Jennifer DeCarlo | Punto di vista
Arnold Newman: Master Class, currently on display at the San Diego Museum of Art, marks the first major exhibition of the photographer’s work since his death in 2006.
Newman’s prints seem to be made of the very thread of 20th century culture. The works are iconic and capture some of history’s most interesting personalities, including politicians, businessmen, sports players, scientists, artists, writers, musicians, and other celebrities.
Basic and profound, minimal and selective, Newman’s works open the stories of their subjects like books. Whatever they include is not only important, it’s intended; for the devil is in the details, and we can tell the most about people from the things they surround themselves with.
We find musicians before their instruments, artists in their studios with their work or implements of creation, scientists at their black boards or among papers, museum directors in their private salon, a test-pilot suited-up before his jet, politicians under colonnade, businessmen in rooms full of the trappings of power, and the stories go on and on.
Newman never misses setting the stage. This characteristic developed into his personal calling card and became a practice credited to him – environmental portraiture. Though Newman was not fond of the title, the description was on-mark, and the act of situating the sitter in their space reveals not only occupation, but infers accomplishment, sheds light on personality, and exposes the inner qualities of figures.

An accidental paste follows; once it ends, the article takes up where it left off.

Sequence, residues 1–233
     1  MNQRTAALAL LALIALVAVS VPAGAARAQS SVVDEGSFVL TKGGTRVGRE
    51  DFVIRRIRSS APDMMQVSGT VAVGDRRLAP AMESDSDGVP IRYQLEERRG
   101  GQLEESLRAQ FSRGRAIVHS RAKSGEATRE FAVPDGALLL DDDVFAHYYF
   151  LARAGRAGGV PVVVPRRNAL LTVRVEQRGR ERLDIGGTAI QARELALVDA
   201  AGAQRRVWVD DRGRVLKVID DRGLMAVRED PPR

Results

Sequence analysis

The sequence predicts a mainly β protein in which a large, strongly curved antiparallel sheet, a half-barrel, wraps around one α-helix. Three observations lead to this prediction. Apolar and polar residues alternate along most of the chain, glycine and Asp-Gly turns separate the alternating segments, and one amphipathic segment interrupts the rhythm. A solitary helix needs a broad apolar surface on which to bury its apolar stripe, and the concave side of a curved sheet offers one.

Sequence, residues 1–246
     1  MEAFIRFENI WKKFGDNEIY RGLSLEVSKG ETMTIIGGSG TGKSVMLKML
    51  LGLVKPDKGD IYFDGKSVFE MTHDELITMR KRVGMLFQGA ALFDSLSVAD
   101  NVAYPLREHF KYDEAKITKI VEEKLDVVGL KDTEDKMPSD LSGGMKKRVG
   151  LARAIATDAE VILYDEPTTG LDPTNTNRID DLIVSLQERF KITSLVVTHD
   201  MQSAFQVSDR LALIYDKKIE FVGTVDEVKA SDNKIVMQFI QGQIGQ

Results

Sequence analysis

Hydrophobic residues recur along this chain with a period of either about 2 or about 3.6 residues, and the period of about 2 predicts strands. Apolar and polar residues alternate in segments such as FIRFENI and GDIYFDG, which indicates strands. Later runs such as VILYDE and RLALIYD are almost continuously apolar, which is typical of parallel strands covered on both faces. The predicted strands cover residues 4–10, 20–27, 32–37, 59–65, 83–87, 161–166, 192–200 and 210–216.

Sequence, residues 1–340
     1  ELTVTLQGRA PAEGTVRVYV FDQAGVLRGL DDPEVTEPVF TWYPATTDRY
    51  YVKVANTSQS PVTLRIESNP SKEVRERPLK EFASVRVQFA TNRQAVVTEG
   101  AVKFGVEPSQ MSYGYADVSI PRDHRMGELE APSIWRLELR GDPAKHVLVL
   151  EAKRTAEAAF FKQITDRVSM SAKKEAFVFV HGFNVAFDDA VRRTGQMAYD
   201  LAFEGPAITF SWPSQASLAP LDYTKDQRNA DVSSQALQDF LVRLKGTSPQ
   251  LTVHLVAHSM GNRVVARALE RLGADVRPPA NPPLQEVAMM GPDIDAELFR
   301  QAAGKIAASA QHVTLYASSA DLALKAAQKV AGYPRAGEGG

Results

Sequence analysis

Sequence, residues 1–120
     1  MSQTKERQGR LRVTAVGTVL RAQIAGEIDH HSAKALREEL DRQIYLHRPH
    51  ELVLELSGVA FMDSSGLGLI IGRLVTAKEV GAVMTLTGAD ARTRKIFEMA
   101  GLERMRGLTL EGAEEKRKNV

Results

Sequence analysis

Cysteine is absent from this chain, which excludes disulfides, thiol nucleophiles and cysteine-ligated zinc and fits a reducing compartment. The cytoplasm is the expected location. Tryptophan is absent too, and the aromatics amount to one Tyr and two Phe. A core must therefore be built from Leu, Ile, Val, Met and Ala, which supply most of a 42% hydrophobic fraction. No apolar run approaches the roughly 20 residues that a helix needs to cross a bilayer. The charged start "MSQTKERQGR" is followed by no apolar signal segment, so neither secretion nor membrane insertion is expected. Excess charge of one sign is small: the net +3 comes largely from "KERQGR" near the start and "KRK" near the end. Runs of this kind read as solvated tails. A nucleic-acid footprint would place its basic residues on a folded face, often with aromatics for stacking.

Newman is so known for his portraiture that it may be fair to say it overshadowed most of his other explorations. This show of more than 200 works, 10 from the museum’s permanent collection, was careful to include some of Newman’s lesser-known works that in context prove critical to his most celebrated. Beyond portraiture the show includes architectural studies, still-lives, and street scenes, as well as contact sheets, manuscripts, correspondence, records, and magazine tear sheets. All of this evidence opens new avenues of perspective onto Newman’s oeuvre. This choice allows for rediscovery of a master and the chance to gain fresh insight into the artist, his development, and practice.
We are indeed surprised by some of the early 1940’s pieces, like Violin ship: patterns on table, reminiscent of some of the Cubist’s studies; Studio still life, a geometric back-drop that feels draft-like; and Philadelphia, a simple street scene with a crooked sign post that may even foreshadow the later New Topographical movement.
In works like these we sense a pause in our own viewing as if we are waiting for a figure to appear. They reveal a strong sense of composition, framing, and balance of space and substance. They are charged, active, and full. This potency strengthens in the later portraiture, but seems subtle, as if the foil to the depicted, whomever they may be. In other experiments, we find Newman engaging the torn, the abstract, and the fragmented. These appear in his contact books and in photo-collaged portraits of Theodor Geisel (Dr. Seuss) and Andy Warhol. The exhibition asks us to see the work anew and reexamine everything we thought we knew about Arnold Newman.
Arnold Newman: Master Class is on exhibit at the San Diego Museum of Art, located at 1450 El Prado, in Balboa Park, through Sept. 8. For more information, visit sdmart.org or call 619-232-7931.